There's a stigma that still exists in the NBA for the D-League. The NHL and MLB have minor league systems and it is very common practice for first round picks, even first overall picks, to be sent down to work on their games and prepare themselves to play against grown men. While the NBA is a very different league and we see players often make a positive impact in their rookie season, players still develop at different rates. Putting a player in a situation for which he is not prepared can stunt their growth as a player. At this point Bennett is simply not ready to play basketball at the NBA level.

He is not getting the minutes required to be in game shape and his confidence is running on empty. There is no denying Bennett has talent, and it's hard to fathom that he will be this bad forever. But the Cavaliers need to swallow their pride and accept that he is best served by spending time in the D-League. I don't know if they fear what would happen if they send him down and his struggles continue. But at this point it's like getting a girls number and refusing to call her up. You might be scared of the result, but by actually calling you're going to find out exactly where you stand and make decisions accordingly. By doing nothing, you not only are gaining nothing, but it's likely your odds of success continue to diminish.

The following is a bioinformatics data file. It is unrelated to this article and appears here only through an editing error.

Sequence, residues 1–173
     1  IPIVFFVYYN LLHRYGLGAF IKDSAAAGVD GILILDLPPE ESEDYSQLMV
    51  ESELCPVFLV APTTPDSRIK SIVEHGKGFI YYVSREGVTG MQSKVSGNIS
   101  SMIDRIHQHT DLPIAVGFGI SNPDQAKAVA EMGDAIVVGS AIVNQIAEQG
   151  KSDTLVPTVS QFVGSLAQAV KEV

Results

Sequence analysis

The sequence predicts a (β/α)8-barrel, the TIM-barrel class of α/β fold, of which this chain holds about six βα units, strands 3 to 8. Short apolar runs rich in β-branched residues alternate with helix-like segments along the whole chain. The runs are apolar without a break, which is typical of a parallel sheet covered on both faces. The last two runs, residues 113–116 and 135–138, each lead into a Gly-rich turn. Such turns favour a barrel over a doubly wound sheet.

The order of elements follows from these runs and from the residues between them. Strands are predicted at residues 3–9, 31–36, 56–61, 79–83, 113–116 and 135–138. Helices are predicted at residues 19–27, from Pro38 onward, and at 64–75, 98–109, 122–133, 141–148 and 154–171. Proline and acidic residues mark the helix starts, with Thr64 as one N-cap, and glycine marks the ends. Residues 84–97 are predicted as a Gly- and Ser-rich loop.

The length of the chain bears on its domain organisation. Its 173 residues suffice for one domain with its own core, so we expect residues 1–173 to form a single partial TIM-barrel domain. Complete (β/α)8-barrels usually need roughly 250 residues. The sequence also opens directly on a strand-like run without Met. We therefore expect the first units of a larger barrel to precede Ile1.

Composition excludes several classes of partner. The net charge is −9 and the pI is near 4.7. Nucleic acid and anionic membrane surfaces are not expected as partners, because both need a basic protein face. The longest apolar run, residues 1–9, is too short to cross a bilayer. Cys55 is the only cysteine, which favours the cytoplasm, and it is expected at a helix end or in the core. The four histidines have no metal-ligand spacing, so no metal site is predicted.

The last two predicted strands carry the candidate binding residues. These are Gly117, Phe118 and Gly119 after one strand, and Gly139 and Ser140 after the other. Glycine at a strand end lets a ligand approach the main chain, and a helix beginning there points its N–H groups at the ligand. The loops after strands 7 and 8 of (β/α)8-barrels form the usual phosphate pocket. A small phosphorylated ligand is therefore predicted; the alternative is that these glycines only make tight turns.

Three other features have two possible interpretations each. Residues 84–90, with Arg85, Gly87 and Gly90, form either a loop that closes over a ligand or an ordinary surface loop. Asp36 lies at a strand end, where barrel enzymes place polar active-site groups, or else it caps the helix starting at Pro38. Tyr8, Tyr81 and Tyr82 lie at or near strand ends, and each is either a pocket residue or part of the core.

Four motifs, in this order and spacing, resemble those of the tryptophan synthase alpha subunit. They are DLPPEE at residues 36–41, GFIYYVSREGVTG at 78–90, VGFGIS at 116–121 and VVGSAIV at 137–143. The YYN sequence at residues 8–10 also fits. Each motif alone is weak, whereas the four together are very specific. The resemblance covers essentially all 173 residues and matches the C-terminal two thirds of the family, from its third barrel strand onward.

When asked about playing in the D-League, Bennett actually seemed pretty open to it, according to the Cleveland Plain Dealer.